Example 7

Example 7 was carried out in two phases in the same manner as Examples 1-6. In Phase I only hydrogen bromide was introduced into the flue gas stream and in Phase II both hydrogen bromide and selected fly ash were added simultaneously into the flue gas stream through injection port 110. In Phase I, only HBr was added to the flip stream reactor and in Phase II, HBr and selected fly ash were added simultaneously.

In Example 7, hydrogen bromide (Phase I) and the simultaneous addition of hydrogen bromide and selected fly ash (Phase II) were added to the injection port 110 and the average temperature of SCR 102 was controlled at about 155° C. Under flue gas conditions Phases I and II are exemplified burning Powder River Basin (PRB) coal. The residence time of the flue gas inside the reactor was about 1.4 seconds and the average temperature of the slip stream reactor was controlled at about 155° C.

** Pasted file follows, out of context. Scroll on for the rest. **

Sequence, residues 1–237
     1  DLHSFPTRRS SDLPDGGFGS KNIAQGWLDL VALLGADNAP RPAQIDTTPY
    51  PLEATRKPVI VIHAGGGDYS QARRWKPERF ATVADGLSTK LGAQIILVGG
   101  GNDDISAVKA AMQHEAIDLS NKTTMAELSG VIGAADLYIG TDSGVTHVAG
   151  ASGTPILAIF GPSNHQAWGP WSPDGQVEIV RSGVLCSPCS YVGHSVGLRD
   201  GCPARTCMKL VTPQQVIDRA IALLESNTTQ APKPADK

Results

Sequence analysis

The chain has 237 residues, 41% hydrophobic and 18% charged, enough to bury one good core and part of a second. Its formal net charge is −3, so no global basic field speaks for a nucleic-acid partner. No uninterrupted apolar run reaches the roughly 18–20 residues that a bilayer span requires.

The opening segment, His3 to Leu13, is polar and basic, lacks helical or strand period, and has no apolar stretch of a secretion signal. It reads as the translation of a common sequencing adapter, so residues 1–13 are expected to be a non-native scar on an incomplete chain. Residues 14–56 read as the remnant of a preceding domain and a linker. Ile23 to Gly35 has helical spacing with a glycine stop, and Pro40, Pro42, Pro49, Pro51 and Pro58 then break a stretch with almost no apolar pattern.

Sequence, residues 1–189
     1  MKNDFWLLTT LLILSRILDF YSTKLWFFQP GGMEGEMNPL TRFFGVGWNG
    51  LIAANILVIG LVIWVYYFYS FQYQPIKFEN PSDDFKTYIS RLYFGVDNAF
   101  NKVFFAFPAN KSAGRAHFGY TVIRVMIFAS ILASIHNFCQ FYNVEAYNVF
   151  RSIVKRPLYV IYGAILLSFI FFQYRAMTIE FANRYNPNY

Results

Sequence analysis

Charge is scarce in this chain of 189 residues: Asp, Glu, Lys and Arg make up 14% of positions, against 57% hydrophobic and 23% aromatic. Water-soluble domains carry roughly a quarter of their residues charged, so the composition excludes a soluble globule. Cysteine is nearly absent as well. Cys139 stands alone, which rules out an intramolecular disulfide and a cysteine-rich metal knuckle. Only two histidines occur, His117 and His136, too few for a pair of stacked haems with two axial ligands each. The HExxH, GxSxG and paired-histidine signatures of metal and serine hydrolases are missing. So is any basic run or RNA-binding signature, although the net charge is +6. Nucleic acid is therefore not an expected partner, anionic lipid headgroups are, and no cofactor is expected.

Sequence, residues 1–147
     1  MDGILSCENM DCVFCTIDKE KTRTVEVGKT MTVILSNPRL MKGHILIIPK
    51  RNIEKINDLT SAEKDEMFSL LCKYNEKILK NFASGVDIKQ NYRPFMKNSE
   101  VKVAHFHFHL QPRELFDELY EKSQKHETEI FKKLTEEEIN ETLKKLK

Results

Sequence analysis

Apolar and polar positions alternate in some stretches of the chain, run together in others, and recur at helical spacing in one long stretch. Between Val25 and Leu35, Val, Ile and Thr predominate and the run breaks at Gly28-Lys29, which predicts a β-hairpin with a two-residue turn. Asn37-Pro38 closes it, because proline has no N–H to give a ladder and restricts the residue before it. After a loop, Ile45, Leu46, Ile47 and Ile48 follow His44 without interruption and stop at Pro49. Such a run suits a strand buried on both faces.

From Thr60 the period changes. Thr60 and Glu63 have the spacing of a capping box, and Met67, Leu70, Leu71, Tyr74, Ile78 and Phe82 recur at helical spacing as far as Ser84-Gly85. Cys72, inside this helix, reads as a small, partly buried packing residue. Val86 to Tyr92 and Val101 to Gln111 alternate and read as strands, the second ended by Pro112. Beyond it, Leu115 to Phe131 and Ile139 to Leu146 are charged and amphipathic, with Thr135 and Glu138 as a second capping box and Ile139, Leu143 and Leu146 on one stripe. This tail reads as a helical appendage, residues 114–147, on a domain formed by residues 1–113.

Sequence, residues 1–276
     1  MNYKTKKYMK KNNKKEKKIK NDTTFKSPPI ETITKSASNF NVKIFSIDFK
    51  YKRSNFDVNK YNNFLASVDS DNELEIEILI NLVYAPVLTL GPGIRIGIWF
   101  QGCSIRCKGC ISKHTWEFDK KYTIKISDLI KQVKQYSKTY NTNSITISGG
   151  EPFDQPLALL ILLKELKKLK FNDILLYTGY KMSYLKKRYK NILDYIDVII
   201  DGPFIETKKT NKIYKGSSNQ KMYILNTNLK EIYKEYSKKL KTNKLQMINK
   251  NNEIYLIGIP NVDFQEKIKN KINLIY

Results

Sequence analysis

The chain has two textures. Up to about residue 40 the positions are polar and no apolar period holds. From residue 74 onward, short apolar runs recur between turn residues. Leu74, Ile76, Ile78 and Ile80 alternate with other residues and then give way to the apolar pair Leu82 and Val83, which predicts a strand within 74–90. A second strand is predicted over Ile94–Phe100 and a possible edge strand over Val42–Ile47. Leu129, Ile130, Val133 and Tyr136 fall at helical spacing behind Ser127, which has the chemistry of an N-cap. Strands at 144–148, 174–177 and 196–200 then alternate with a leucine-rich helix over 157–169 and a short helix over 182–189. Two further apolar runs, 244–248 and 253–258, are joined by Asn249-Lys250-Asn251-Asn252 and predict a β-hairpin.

A mercury semi-continuous emission monitor (SCEM) was used for observing the mercury variations during testing and an Ontario Hydro (OH) method was used for Hg-SCEM data validation. In Phase I, the average sulfur and mercury content in the tested coal were about 0.63% and 0.13 ppm, respectively. The detectable halogen constituents (chlorine and fluorine) in coal samples were lower, which were averaged at 164 ppm and 43 ppm, respectively. In Phase II, the average sulfur and mercury contents in the tested coal were about 0.59% and 0.12 ppm, respectively. The detectable halogen constituents (chlorine and fluorine) were at about ⅛ ppm and 80 ppm, respectively. The particle-bound mercury (Hg(P)) and LOI of fly ash were about 0.65 ppm and 0.78% for Phase I and 0.61 ppm and 0.58% for Phase II. The mercury capture efficiency reached about 50% at an HBr injection concentration of 4 ppm in the flue gas, but when simultaneously adding bituminous-derived fly ash in a minimum amount (30 lb/mMacf) increased the mercury capture efficiency by 30%.